A complaint to the European Commission for unfair commercial practices by Meta was filed today by the European Federation of Consumers (BEUC), whose member is the Union of Consumers Quality of Life (EKPOIZO) and 18 other members from 16 countries.

In addition, they check for any violation of the General Data Protection Regulation (GDPR), according to which the user’s consent must meet a series of strict conditions in order to be considered legitimate.

In particular, as stated in an announcement by EKPIOZO, “Meta is changing its services in the E.U. and invites Facebook and Instagram users, via a notification on their screens, to either opt-in or opt-out.

In case they choose not to pay a subscription it is not possible to use the applications without their consent to the processing of their personal data for the display of personalized advertisements by Meta. If they agree to pay a monthly subscription they will stop seeing ads.”

This particular commercial practice, as noted, is prohibited by EU law. for consumer protection. Its compliance with it is also an issue protection of personal data and privacy of users as Fundamental rights and the new legislation on Digital Services (Digital Services Act) and Digital Markets (Digital Markets Act).

“It is noteworthy that the new policy adopted by the technological giant is unfair and illegal for the millions of European users of Facebook and Instagram. Meta violates EU law in various ways. for the protection of consumers due to its unfair, misleading and aggressive practices” as noted in the announcement. In addition, it is emphasized that “the Authorities are called upon to take action and ensure that Meta stops misleading and bombarding consumers with these illegal practices”.

The issues to be considered under consumer protection legislation are as follows:

– Meta’s use of partially blocking users from Facebook and Instagram, in order to make an immediate decision about one option or the other, deprives users of the opportunity or time to make an informed choice and therefore constitutes aggressive practice. Meta pushes consumers to make a choice they may not want to because of the immediate pushiness and creation of a sense of urgency.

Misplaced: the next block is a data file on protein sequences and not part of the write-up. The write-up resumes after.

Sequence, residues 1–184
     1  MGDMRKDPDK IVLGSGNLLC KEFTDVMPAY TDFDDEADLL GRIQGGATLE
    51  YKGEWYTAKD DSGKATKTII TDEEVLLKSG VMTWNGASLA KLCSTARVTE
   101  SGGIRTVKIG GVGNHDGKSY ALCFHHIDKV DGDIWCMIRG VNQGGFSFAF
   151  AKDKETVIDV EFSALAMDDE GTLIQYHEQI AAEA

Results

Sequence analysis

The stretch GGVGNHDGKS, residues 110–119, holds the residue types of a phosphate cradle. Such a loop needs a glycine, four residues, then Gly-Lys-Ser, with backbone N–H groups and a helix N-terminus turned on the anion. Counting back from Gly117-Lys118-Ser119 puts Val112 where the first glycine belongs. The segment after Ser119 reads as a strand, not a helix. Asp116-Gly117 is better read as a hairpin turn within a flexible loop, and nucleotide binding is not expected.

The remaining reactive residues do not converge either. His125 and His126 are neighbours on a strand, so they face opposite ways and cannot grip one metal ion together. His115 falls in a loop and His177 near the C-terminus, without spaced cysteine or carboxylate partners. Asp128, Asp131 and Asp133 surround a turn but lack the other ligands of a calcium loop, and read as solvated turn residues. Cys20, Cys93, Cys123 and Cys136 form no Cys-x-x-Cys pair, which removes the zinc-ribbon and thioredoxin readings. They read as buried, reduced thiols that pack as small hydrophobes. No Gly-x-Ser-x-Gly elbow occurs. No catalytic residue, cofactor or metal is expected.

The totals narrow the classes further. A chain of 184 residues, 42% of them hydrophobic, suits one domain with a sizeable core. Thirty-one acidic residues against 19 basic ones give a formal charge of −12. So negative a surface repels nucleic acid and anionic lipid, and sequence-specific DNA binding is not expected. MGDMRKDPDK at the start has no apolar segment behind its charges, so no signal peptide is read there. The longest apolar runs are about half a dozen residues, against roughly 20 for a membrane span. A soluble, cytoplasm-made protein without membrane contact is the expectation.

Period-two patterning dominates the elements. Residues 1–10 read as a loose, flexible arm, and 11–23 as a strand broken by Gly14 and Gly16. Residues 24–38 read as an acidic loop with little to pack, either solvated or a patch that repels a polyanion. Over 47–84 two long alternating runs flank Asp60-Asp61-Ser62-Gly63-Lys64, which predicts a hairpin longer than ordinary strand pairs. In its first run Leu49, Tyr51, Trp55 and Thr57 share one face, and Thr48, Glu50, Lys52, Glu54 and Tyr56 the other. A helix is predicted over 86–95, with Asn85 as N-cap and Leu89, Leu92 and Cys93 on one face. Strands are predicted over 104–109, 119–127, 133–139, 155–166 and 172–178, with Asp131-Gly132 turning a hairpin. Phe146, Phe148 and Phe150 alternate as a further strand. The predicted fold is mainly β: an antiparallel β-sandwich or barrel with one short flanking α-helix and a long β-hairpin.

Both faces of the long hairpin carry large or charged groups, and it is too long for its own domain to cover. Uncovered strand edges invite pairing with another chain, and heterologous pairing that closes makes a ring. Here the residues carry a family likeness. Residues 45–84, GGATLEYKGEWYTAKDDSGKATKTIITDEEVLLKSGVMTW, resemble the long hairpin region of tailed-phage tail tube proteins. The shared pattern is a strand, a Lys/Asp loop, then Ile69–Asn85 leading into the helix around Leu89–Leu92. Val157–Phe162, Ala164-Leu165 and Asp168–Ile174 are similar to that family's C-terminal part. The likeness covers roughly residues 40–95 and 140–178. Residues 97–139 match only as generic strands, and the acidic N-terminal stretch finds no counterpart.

– Furthermore, many consumers are misled into believing that by choosing to pay as presented to them, they have chosen a more privacy-friendly option, which includes de facto limited tracking and non-profiling. But in reality, it is possible that their personal data will continue to be collected and used, but for purposes other than advertising.

– Meta provides inaccurate and incomplete information to consumers and de facto prevents them from making an informed decision. In particular, them misleading with the dilemma of the subscription or the “free” option, which is not really “free” since consumers pay for it by providing their personal data, as previous court decisions have already pointed out.

– Due to the great influence of Meta’s Facebook and Instagram services in the EU market. and the particularly powerful effects of social networking platforms (since all our friends are on Facebook and Instagram); users don’t really have a choice, because if they stopped using the services, they would lose all their contacts and communication history, as it was formed in recent years. Very high subscription costs for “ad-free” services are also a deterrent, meaning consumers have no real choice.